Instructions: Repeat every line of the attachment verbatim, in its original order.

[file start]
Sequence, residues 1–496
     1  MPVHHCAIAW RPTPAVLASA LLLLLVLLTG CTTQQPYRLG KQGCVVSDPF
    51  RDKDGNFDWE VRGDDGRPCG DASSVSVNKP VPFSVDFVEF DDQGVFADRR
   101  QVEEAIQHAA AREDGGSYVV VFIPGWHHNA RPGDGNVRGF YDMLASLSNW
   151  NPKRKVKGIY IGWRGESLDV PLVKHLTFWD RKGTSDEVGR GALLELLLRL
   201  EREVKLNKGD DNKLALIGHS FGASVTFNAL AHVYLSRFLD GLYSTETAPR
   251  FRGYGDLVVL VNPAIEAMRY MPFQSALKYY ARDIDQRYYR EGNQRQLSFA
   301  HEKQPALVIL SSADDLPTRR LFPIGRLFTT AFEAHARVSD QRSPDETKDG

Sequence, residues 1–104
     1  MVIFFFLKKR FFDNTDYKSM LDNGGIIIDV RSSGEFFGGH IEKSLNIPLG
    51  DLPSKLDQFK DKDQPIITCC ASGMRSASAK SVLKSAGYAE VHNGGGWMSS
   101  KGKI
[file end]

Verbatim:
Sequence, residues 1–496
     1  MPVHHCAIAW RPTPAVLASA LLLLLVLLTG CTTQQPYRLG KQGCVVSDPF
    51  RDKDGNFDWE VRGDDGRPCG DASSVSVNKP VPFSVDFVEF DDQGVFADRR
   101  QVEEAIQHAA AREDGGSYVV VFIPGWHHNA RPGDGNVRGF YDMLASLSNW
   151  NPKRKVKGIY IGWRGESLDV PLVKHLTFWD RKGTSDEVGR GALLELLLRL
   201  EREVKLNKGD DNKLALIGHS FGASVTFNAL AHVYLSRFLD GLYSTETAPR
   251  FRGYGDLVVL VNPAIEAMRY MPFQSALKYY ARDIDQRYYR EGNQRQLSFA
   301  HEKQPALVIL SSADDLPTRR LFPIGRLFTT AFEAHARVSD QRSPDETKDG

Sequence, residues 1–104
     1  MVIFFFLKKR FFDNTDYKSM LDNGGIIIDV RSSGEFFGGH IEKSLNIPLG
    51  DLPSKLDQFK DKDQPIITCC ASGMRSASAK SVLKSAGYAE VHNGGGWMSS
   101  KGKI